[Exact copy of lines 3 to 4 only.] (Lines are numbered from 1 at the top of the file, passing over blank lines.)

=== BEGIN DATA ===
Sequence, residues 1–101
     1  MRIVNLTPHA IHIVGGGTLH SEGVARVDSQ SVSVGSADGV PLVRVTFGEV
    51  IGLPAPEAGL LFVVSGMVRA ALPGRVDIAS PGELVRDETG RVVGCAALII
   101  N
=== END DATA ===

    51  IGLPAPEAGL LFVVSGMVRA ALPGRVDIAS PGELVRDETG RVVGCAALII
   101  N